Project Euler — Problem 4 Solution

Problem

A palin­dromic num­ber reads the same both ways. The largest palin­drome made from the prod­uct of two 2-dig­it num­bers is 9009 = 91 x 99.

Find the largest palin­drome made from the prod­uct of two 3-dig­it num­bers.

Solution

open System.Linq

let isPalindromic n =
    let charArray = n.ToString().ToCharArray()
    let revCharArray = Array.rev charArray
    charArray.SequenceEqual(revCharArray)

let numbers = [100..999]
let products = numbers |> List.collect (fun x -> numbers |> List.map (fun y -> x * y))
let maxPalindromic = products |> Seq.filter isPalindromic |> Seq.max

In my solu­tion above, I first built a func­tion to check whether a giv­en num­ber is palin­dromic by com­par­ing the orig­i­nal and reversed char array rep­re­sent­ing the num­ber and see if they’re the same, i.e. 9009 is rep­re­sent­ed by the char array [‘9’;‘0′;‘0′;‘9′], and the reversed array is still [‘9′;‘0′;‘0′;‘9’].

Notice how I used the Array.rev func­tion in the isPalin­dromic func­tion, it returns a new array with all the ele­ments in reverse order. Anoth­er thing you might have noticed in this func­tion is that I used the Enumerable.SequenceEqual Linq exten­sion method to com­pare the two arrays, as I’ve men­tioned before, with F# being a first class cit­i­zens of the .Net fam­i­ly you’re free to use what­ev­er CLR library of your choice.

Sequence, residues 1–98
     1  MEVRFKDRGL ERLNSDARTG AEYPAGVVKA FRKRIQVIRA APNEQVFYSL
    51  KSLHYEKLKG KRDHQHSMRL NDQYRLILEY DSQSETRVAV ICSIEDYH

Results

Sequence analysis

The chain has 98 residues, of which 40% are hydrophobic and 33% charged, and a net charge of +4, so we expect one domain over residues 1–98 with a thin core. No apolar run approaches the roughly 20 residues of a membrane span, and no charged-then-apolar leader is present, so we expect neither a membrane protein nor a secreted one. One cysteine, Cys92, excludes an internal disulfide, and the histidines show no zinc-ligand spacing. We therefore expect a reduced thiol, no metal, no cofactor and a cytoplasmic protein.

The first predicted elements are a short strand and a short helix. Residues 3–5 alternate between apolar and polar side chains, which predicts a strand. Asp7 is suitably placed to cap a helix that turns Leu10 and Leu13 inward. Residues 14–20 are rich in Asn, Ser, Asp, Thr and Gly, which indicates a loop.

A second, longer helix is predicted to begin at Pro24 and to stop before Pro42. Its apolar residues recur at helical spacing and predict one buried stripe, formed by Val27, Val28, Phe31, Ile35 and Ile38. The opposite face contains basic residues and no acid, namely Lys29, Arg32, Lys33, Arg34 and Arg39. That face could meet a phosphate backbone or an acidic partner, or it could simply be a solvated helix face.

The rest of the solu­tion might be rel­a­tive­ly straight for­ward, how­ev­er, you might be won­der­ing what the List.collect func­tion does. Like the List.map func­tion, it applies a func­tion to each ele­ment in the list, except that each ele­ment pro­duces a list and all these lists are con­cate­nat­ed into a final list.

Now let’s see how the two dif­fers, say we have a list of num­bers from 1 to 10, and I want to find out the Carte­sian prod­uct of the list mul­ti­plied by itself, i.e. 1 * 1, 1 * 2, … 1 * 10, 2 * 1, 2 * 2… 10 * 10:

let numbers = [1..10]

// List.map returns an array of array containing results of 1 *  [1..10], 2 * [1..10], etc.
numbers |> List.map (fun x -> numbers |> List.map(fun y -> x * y));;
val it : int list list =
[[1; 2; 3; 4; 5; 6; 7; 8; 9; 10];
 [2; 4; 6; 8; 10; 12; 14; 16; 18; 20];
 [3; 6; 9; 12; 15; 18; 21; 24; 27; 30];
 [4; 8; 12; 16; 20; 24; 28; 32; 36; 40];
 [5; 10; 15; 20; 25; 30; 35; 40; 45; 50];
 [6; 12; 18; 24; 30; 36; 42; 48; 54; 60];
 [7; 14; 21; 28; 35; 42; 49; 56; 63; 70];
 [8; 16; 24; 32; 40; 48; 56; 64; 72; 80];
 [9; 18; 27; 36; 45; 54; 63; 72; 81; 90];
 [10; 20; 30; 40; 50; 60; 70; 80; 90; 100]]

// List.collect returns a 1-dimensional array instead
numbers |> List.collect (fun x -> numbers |> List.map (fun y -> x * y));;
val it : int list =
[1; 2; 3; 4; 5; 6; 7; 8; 9; 10; 2; 4; 6; 8; 10; 12; 14; 16; 18; 20; 3; 6; 9;
 12; 15; 18; 21; 24; 27; 30; 4; 8; 12; 16; 20; 24; 28; 32; 36; 40; 5; 10; 15;
 20; 25; 30; 35; 40; 45; 50; 6; 12; 18; 24; 30; 36; 42; 48; 54; 60; 7; 14;
 21; 28; 35; 42; 49; 56; 63; 70; 8; 16; 24; 32; 40; 48; 56; 64; 72; 80; 9;
 18; 27; 36; 45; 54; 63; 72; 81; 90; 10; 20; 30; 40; 50; 60; 70; 80; 90; 100]